Dispute Resolution: Litigation
In my previous blog posts, I discussed settlement through informal dispute resolution and settlement through demand letters. Today, I will discuss settlement through litigation.
The Ultimate Goal is to Reach a Settlement, Not to Enter into Trial
Many associate litigation with going to trial. Yet, less than 10 percent of litigation cases actually result in a trial. The other 90 percent are either settled or dropped before trial occurs. As such, most litigants file suit with the goal of settling the dispute – not to enter into a trial. If you cannot settle a dispute through informal resolutions or through a demand letter, a lawsuit may be your best option.
Can You Afford a Trial?
Before you make the leap into litigation, you should understand the expense of trial. If a lawsuit inevitably ends up in trial, you must be financially prepared for it. A good lawyer will walk you through the expenses and discuss your options. If you cannot afford a trial, settlement through demand letter negotiation is a preferable avenue. Personally, I have yet to encounter anyone who wanted to spend the money on a trial unless they have exhausted all other options for settlement.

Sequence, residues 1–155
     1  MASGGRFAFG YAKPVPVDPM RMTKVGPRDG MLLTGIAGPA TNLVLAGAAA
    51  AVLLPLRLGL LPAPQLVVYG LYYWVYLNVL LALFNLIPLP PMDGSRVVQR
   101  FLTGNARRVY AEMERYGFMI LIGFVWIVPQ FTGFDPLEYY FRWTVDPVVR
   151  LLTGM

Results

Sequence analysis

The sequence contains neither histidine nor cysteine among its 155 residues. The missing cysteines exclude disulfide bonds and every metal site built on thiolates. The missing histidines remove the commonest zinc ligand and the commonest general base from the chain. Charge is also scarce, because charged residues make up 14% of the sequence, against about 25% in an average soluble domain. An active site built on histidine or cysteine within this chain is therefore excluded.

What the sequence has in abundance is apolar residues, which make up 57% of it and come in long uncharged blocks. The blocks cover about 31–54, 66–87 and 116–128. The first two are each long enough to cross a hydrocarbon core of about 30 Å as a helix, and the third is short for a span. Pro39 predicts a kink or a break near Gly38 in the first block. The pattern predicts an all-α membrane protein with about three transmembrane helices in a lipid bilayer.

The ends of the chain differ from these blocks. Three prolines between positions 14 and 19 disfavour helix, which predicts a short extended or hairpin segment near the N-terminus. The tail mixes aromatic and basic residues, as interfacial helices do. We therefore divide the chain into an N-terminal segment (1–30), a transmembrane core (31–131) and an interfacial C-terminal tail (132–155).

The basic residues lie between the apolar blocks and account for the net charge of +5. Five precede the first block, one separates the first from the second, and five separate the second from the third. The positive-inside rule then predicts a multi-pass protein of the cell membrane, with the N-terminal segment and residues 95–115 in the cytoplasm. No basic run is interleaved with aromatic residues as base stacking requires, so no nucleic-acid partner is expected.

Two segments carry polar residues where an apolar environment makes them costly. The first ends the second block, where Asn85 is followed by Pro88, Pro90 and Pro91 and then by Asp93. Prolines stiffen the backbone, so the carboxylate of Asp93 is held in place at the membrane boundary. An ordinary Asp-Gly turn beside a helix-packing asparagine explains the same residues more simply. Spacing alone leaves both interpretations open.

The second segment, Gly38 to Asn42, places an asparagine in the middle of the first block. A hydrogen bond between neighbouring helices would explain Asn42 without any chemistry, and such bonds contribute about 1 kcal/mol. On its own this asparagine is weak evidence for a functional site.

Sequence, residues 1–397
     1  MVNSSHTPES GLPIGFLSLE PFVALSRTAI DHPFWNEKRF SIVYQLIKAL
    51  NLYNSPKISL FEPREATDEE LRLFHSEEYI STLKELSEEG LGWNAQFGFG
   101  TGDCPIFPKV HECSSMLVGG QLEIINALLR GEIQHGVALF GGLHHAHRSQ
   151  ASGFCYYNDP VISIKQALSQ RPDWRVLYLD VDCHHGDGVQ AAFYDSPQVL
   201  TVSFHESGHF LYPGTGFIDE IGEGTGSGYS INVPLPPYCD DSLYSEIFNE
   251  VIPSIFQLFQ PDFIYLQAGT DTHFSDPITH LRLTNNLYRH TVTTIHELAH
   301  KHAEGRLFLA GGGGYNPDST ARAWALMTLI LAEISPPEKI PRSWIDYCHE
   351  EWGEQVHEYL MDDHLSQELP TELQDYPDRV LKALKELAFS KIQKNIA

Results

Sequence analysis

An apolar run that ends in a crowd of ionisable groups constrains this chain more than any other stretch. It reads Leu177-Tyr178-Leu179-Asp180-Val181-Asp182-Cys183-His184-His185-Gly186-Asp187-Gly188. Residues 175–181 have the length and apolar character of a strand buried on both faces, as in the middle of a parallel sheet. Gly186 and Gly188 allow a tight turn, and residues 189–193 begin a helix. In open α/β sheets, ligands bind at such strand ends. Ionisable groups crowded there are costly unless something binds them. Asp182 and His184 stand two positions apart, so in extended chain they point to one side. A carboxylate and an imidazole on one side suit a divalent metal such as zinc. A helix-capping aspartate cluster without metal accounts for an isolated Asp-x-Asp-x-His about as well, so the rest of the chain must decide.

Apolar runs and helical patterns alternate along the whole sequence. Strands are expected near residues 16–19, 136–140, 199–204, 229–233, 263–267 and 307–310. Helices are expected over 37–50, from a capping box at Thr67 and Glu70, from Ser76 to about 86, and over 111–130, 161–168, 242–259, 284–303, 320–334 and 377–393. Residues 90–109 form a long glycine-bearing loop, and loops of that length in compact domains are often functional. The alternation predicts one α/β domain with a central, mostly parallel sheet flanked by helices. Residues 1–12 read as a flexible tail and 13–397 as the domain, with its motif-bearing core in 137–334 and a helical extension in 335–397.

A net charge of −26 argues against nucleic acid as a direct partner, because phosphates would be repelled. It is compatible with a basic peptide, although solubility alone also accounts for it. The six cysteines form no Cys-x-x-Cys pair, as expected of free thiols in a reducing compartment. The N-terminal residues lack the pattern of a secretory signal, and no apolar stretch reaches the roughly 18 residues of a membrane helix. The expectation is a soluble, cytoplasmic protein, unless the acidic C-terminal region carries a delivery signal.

Bringing Suit Proves a Powerful Point
Ideally, you file a suit to prove a point. You are telling the other party that litigation will ensue if a settlement is not reached. I have seen lawsuits thrown immediately into settlement negotiation, even through mediation, without any discovery being conducted. However, this is not the rule. Typically, some discovery does take place. In such circumstances, you must hope that the amount you will gain in settlement exceeds the expense of discovery. Always keep this mind, as discovery is expensive.
The Settlement Process
If settlement is not discussed early on in the litigation process, it typically leads into a mediation forum. During mediation both parties are forced to exchange settlement offers repeatedly. Many mediation forums result in a settlement agreement on the spot. However, some attorneys and/or parties want to gather all of the evidence before coming to a settlement decision. This means mediation may take place both after the discovery process is over and just before the preparation for trial. Obviously, this is a course of action for a lawsuit in which larger amounts are at stake.
In my next post, I will discuss trial as the final form of dispute resolution.